The past year for HYT could be summed up by the expression “Carried away by success”. “Carried away”, because the brand did not have large enough teams or production capacity to produce and, more importantly, deliver all the orders on its books. Despite the backlog, HYT nonetheless carried on offering new models of its H1 and H2. The gap between orders (50 watches per month) and deliveries (4 watches per month) quickly became critical, before the brand engaged in strategic reorganisation – which has now come into effect.
“Success”, because HYT has managed to establish a groundswell rather than a passing trend. Its radically new, never-before-seen approach to watchmaking has the added bonus of being completely out of the reach of counterfeiting, or even pale imitations by competitors. HYT sought to create a bombshell effect and has succeeded – so much so that its own orders are reeling under the impact of the blast.
The brand’s strength resides in its independence, which allows it to retain full control of its own diary. Baselworld was of course due to be the venue for the long-awaited H3, but there’s been a change of plan. CEO Vincent Perriard has followed the marketing department’s credo to the letter: if there’s a dilemma, it’s better to satisfy existing customers rather than trying to cater to a waiting list. So for HYT, industrial transition has been the priority: since September, the brand has become a powerhouse, turning out a massive two watches a day. And to satisfy retailer demand, these watches come in nineteen different models, compared to five previously.
Red White and Blue
Five of these nineteen references are on display at Baselworld. The most remarkable are probably the H2s. The first of these, the Black DLC in pink gold, adds a touch of luxury to the watch case itself, whereas previously this was simply a showcase for the unprecedented caliber design. It would be going too far to say that the pink gold H2 has become a corporate watch, but it could now win over collectors who have previously hesitated.The titanium and grey gold H2 is the second variant to emerge this year. Its particular feature is the blue fluid, a first for HYT, mounted on a white flange. “Developing a liquid requires an enormous amount of work in R&D – the new properties of a new colour include new densities and new chemical coatings; it takes some 18 months’ work to fully understand these,” explains Vincent Perriard, CEO. The hour markers and hands also add a touch of blue, giving an overall aspect that is especially consistent and bright. To be sure, with a diameter of almost 49 mm, discretion will not necessarily be the watch’s main asset, but HYT connoisseurs don’t usually worry too much about traditional watchmaking codes in that respect! To round things off, there’s also a titanium version featuring a platinum crown.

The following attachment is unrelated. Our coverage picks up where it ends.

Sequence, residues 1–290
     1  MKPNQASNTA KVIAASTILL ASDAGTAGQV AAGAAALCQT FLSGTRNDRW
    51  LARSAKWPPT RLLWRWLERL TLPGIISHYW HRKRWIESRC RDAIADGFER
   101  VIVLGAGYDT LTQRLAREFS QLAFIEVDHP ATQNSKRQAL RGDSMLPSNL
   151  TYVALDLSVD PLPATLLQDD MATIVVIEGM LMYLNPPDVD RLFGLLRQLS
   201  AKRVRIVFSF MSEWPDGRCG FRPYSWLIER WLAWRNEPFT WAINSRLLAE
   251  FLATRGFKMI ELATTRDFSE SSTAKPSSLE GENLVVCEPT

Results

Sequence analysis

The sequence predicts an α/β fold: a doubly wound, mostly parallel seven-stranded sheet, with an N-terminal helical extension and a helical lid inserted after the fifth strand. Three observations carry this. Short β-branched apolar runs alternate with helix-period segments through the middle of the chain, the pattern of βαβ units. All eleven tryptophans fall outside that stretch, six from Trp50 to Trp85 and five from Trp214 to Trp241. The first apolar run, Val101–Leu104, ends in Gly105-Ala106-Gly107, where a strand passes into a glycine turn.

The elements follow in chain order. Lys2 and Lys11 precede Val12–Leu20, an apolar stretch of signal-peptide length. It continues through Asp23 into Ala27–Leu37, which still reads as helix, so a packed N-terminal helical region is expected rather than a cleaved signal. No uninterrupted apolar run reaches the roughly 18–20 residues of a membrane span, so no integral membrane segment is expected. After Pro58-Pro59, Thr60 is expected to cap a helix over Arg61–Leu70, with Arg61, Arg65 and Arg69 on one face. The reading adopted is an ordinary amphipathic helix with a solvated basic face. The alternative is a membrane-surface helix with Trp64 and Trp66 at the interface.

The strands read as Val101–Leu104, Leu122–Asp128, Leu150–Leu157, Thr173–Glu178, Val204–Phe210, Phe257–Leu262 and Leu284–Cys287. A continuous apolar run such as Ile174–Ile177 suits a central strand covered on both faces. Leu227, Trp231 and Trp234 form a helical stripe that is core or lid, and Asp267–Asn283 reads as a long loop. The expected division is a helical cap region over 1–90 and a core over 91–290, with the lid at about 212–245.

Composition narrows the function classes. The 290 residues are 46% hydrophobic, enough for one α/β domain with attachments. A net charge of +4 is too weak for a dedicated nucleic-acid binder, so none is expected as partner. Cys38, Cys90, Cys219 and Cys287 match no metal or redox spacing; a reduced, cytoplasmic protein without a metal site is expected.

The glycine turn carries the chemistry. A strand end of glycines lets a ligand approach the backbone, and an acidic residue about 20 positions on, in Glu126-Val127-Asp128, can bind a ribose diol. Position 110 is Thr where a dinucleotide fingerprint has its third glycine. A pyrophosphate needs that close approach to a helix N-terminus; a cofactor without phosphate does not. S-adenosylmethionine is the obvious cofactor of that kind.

For the H1, the RED 2 has the H2’s pink gold shade – but with a titanium background. HYT’s first-born has been given a red fluid for the occasion. The watch will be available in autumn 2014.
Lastly, the H1 Alumen Blue unveils a new alloy known as ALUN 316B. Made mostly from aluminium, the other main metals in the alloy are magnesium, zirconium and titanium. Its prime quality is its high mechanical strength, with hardness of 200-210 Hv. The timepiece features a satin blue finish – a contrast that nicely offsets the intense green fluid for the hours. Here, HYT has come up with a really subtly designed watch. The hour dial, featuring guilloche on the edges and applique hour markers, brings with it connotations of traditional fine watchmaking. But to counter any possibility of the dial being too traditional, immediately to its left the cheeky seconds turbine with its single green wing serves as a reminder that with the H1, you can throw away the book as far as standard watchmaking aesthetics go.
All of these watches will be delivered gradually throughout 2014. In 2015, Vincent Perriard’s team is due to focus once again on the H3. And as usual, it’s anyone’s guess what it will look like.